Featured Posts

What Can We Take From 2020?
As we eagerly embraced a new decade almost a year ago, full of positivity and aspirations for the year ahead, we were blissfully unaware of what lay ahead. No one was prepared for 2020...
View Post
The Ultimate Goal Setting Guide for 2021
Setting goals and working towards something specific is the key to success. Here’s how to set goals in 2021...
View Post
A Productive Start To The Year
Life should be about finding a balance that's right for you. There will be times when the pressure is on, and you need to put the hours in. Just don't make a habit of it.
View Post
What will happen to the fashion industry post covid-19?
Fashion is an industry which thrives on people being together- from huge worldwide showcases in Paris, Milan and New York to the most exclusive backstage parties attended by fashions elite.
View Post
To top

Essential Supplements for Vegans

With proper knowledge and planning, you can get all the nutrients that your body needs from a vegan diet.

Image source: Pinterest

The various health benefits that come from cutting out meat and dairy are numerous, but some vegans might still be missing out on essential vitamins and minerals. Most of these can be found in plant-based food sources, but others are found almost exclusively in animal products. No matter what diet you follow, everybody needs to be mindful of any essential nutrients that may be missing! Here’s how you can best plan for any potential deficiencies in a vegan diet.

Our bodies need vitamin D for the absorption and regulation of calcium – a nutrient essential for maintaining the health of our bones, muscles and teeth. The greatest source of vitamin D is from direct sunlight, but in a country where the sun prefers to stay hidden, most people aren’t getting the necessary amount. Foods like red meat, oily fish and egg yolk are good sources of the vitamin, meaning vegans may need to incorporate a daily supplement.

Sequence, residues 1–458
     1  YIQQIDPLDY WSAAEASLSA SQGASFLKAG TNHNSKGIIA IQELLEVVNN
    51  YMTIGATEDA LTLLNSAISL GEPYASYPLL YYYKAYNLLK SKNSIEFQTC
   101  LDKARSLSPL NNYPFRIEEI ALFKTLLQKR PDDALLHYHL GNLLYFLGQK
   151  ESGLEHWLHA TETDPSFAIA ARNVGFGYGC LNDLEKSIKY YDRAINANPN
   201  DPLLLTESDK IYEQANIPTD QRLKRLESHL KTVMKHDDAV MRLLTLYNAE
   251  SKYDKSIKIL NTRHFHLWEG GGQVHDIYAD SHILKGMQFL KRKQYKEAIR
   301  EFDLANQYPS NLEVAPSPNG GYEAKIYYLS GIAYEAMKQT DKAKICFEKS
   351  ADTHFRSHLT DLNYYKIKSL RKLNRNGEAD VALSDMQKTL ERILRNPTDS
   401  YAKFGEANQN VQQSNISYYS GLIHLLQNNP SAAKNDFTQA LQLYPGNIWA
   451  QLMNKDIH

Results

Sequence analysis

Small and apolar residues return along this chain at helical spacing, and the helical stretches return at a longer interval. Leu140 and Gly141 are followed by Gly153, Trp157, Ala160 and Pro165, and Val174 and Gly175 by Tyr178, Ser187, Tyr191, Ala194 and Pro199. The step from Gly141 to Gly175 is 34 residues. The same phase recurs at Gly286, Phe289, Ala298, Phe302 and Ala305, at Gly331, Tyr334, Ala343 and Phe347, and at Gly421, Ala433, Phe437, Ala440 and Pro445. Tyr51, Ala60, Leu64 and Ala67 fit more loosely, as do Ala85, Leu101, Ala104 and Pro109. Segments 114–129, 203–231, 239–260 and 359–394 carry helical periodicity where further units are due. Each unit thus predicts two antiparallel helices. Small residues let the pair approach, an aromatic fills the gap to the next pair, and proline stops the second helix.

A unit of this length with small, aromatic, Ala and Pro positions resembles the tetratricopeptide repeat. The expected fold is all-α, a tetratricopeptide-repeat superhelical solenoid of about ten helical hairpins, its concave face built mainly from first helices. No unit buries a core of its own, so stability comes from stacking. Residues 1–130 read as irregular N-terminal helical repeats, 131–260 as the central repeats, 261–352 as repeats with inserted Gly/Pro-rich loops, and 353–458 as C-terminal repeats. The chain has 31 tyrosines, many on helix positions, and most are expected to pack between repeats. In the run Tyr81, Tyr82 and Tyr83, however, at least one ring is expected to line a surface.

Shop Vitamin D here


Our bodies don’t make vitamin B12, so we need to get it from our diet. Yet again, the problem for vegans is that rich sources of B12 cannot be found in plants. The vitamin is essential to our blood and nerve cell health, and severe deficiency may lead to various health issues. It is, therefore, recommended that vegans take a daily supplement of B12, but discuss this with your doctor first. Some cereals and plant milks are fortified with B12, so check these out too.  

Shop Vitamin B12 here

Iron is used to make red blood cells and new DNA, so it is essential for growth and development in our bodies. A lack of iron can lead to anaemia. Whilst good sources of iron come from red meat, it can also be adequately obtained in a vegan diet from sources such as beans, chickpeas and sweet potatoes. Certain nuts and fruits also serve as iron-rich sources, like pistachios, bananas and apples. Be sure to incorporate these into your diet, as well as making sure that you’re consuming sufficient vitamin C (from vegetables and fruits) because this optimises iron absorption.  

Shop Iron supplements here

'It is recommended that vegans take a daily supplement of B12, but discuss this with your doctor first.'

We need zinc to aid the function of our immune system, and for growth and development. Foods in vegan diet may be high in phytate, and this can reduce zinc absorption. To combat low levels, it’s essential that you eat many zinc-rich foods. These include nuts, seeds, tofu and beans.  

Shop Zinc supplements here

Swallowing down an orange, fish-shaped omega 3 gummy that loosely resembled a sweet as a child seems to be an experience we all shared. However, as we grew up, omega 3 found its way into our adult diets. You should no longer need to take any additional supplements, even if you’re a vegan. These fatty acids can be found in vegan favourites such as chia seeds, edamame, seaweed, flax seeds, and walnuts, so try incorporating these into your diet. 

Shop Omega 3 supplements here


Share This Story

Share on facebook
Share on twitter
Share on linkedin
Share on email
Share on pinterest

DISCLAIMER: We always aim to credit the original source of every image we include in our content. If you think a credit may be incorrect, please get in touch at marketing@cohorted.co.uk.